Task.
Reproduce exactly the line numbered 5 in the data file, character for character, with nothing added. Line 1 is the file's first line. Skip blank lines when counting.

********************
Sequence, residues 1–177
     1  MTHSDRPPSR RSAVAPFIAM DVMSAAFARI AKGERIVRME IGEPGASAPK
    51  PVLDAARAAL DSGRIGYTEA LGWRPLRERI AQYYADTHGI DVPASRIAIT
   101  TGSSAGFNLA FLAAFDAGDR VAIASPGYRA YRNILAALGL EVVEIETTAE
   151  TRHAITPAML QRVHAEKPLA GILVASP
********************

   151  TRHAITPAML QRVHAEKPLA GILVASP